Thursday, June 6, 2013

TCM TiVo Alert for June 8-14

June 8–June 14


TWO WOMEN (June 8, 12:00 am): This is Sophia Loren's best film and put her on the map as far as being an outstanding actress and not just an incredibly beautiful woman. She plays Cesira, a Roman woman who has to flee her hometown with her 13-year-old daughter Rosetta (Eleonora Brown) during World War II with the Allies bombing the city. She goes to incredible lengths to protect her child only for the two to be raped in an abandoned church by Moroccan Allied soldiers. It's a hard-hitting film with a powerful message and brilliant acting - Loren won the Oscar for Best Actress, the first to earn that honor in a non-English speaking role.

SHOOT THE PIANO PLAYER (June 14, 1:15 am): Director Francois Truffaut's second film, Shoot the Piano Player, is often overlooked by cinephiles as it's sandwiched between two of his greatest: The 400 Blows (his directorial debut) and Jules and Jim. While it's not as great as those classics, there are few films that are in the same class as that pair. But this 1960 movie is Truffaut's most underrated as it wonderfully blends satire, drama, tragedy, comedy, and a tribute to American gangster films, particularly those made by Warner Brothers, while also reminding me of early Alfred Hitchcock. The cinematography is outstanding, the storyline is filled with twists and the acting is wonderful.


BREATHLESS (June 8, 8:00 pm): There an old saw about a director never being able to top his first movie. In the case of Godard, this may well be true. Breathless has a feel, a movement, and an enthusiasm not seen again his films. Belmondo is enchanting as the impulsive thief and Jean Seberg is marvelous as his American girlfriend. This is definitely one to catch. Watch for the scene with Belmondo and the Bogart movie poster. It sums up his character neatly.

THE LAVENDER HILL MOB (June 9, 8:00 pm): Granted, there’s no such thing as the perfect film, but this one comes darned close. Alec Guinness is near perfect in his role as the fussbudget bank clerk who, along with newly acquired friend Stanley Holloway, robs the bank of a million pounds in gold bullion. And almost gets away with it, to boot. How they slip up is a thing of beauty to watch, as is the chase near the end. This is a keeper for the ages and even those who are “hard” on comedy will smile at this one.

WE DISAGREE ON ... CAGED (June 10, 8:00 pm)

ED: C-.  It's not that I don’t like Caged; in fact, it’s great trashy viewing. But it’s certainly no masterpiece. It’s simply an exploitation film made during the iron rule of censorship, so there was little the producers could get away with in regard to its contents. It’s your standard Women-in-Prison movie, as young innocent Eleanor Parker goes to the slammer (she didn’t know her husband was robbing the gas station while she waited in the car) and emerges as a hardened criminal despite the efforts of Good-Gal Warden Agnes Moorehead who’s fighting both politicians and her own brutal matrons. So what else is new? There’s the usual stock cast of characters: the old timer, the wizened inmate looking forward to release, the toadies, the snitch. But the two performances to watch are those of Hope Emerson, the evil matron, and Lee Patrick, the vice queen and practicing lesbian, who describes Parker as “a cute trick.”  It’s a fun flick to watch – lots of action, depravity, and most of all, scenery chewing. The 6’2” Emerson is wonder to behold, as her evil seemingly knows no bounds. Hint: dead kitten. Quite frankly, it was pretty gritty for the time, but the women’s prison really didn’t come of psychotronic age until the 70s, when it became an excuse for a good helping of T&A. Best line: Warden Moorehead telling her aide to keep Parker’s file active as she watches her walk out of prison – “She’ll be back.”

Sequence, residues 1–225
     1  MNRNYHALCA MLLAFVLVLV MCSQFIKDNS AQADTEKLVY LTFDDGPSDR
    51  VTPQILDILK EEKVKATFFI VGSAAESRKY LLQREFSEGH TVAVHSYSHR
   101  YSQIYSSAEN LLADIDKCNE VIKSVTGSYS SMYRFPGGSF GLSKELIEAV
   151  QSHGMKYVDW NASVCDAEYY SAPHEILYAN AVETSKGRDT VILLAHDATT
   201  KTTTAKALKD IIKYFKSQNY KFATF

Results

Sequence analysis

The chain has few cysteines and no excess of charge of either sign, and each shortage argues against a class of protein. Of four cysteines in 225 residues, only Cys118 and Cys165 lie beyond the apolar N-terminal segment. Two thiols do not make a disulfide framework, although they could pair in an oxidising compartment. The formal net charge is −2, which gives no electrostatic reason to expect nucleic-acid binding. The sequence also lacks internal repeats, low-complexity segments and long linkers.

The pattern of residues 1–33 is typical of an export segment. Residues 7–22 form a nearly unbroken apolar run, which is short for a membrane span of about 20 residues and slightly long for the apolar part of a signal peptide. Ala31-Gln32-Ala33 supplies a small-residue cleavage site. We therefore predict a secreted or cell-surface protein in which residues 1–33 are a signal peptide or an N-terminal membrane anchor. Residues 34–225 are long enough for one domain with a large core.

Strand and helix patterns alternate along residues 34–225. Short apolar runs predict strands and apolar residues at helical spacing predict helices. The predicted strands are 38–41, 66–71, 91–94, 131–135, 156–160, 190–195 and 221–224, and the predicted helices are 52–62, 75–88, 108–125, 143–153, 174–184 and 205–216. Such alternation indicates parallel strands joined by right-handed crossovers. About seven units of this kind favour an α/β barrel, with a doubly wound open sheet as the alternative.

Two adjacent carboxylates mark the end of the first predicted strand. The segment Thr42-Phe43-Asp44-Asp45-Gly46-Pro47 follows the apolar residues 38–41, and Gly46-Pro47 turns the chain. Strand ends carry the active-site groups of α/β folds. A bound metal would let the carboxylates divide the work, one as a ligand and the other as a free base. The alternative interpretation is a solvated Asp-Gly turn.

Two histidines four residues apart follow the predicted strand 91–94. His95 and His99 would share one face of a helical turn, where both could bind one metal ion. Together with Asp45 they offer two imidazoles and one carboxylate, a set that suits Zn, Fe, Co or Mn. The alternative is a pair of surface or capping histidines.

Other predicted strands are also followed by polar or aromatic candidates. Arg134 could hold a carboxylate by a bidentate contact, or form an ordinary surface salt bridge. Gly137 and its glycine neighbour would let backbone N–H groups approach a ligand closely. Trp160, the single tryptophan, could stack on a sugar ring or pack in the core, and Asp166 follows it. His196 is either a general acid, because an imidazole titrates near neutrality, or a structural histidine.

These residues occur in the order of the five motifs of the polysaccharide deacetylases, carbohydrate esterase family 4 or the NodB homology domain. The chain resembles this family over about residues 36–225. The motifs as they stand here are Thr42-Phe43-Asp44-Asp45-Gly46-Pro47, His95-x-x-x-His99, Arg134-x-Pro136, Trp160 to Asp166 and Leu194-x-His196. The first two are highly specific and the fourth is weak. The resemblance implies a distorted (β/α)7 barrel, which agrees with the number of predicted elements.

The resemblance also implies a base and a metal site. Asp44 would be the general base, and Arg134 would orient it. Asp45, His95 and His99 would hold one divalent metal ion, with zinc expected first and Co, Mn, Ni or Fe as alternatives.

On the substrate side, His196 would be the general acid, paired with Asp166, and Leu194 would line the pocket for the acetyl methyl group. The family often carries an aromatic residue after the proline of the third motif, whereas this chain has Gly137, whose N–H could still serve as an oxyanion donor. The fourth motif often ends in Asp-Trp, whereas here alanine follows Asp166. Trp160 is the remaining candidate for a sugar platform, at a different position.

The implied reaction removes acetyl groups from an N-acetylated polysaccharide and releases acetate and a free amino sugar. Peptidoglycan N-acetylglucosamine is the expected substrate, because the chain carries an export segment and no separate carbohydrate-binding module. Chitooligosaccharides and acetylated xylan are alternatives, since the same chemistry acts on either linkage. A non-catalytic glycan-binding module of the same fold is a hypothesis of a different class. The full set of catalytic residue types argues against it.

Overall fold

DAVID: B+. This is the mother of all women-in-prison films. Unlike nearly all the others in this unusual but often-visited film genre, Caged is well acted. Eleanor Parker was nominated for a Best Actress Oscar as the young innocent Marie Allen, Agnes Moorehead is great as warden Ruth Benton, and Hope Emerson was nominated for a Best Supporting Actress Oscar as the deliciously evil matron Evelyn Harper. Almost anything bad you can imagine happens to Marie - her new husband is killed in a robbery, she ends up in prison because she is waiting in the getaway car, she's pregnant while serving her sentence, she's victimized by other inmates and Harper, she has to give up her baby for adoption, and finally becomes bitter and hardened from all of her bad experiences. The story is similar to other women-in-prison movies minus the T&A. We still get a shower scene (no nudity as this is during the Code era) and the stereotypical prison lesbian! But there's a huge difference between Caged and the women-in-prison films of the 1970s. It's not only the excellent acting, but the powerful dialogue and actual plot - it was nominated for a Best Writing Oscar - that makes this gritty, stark, realistic film stand out among others in the genre. The viewer is given reasons as to how and why the innocent Marie turns into a hardened criminal from the brutal scene in which her head is shaved to having her baby taken from her to the hopelessness of one inmate driven to suicide to the murder of Harper by one of Marie's friends who uses a fork to do the job. It's also a damning indictment of a penal system that doesn't try to rehabilitate the inmates, but largely treat them like caged animals. It can be somewhat cliché at times, but it's definitely in a class by itself.

For the complete list of films on the TCM TiVo Alert, click here.

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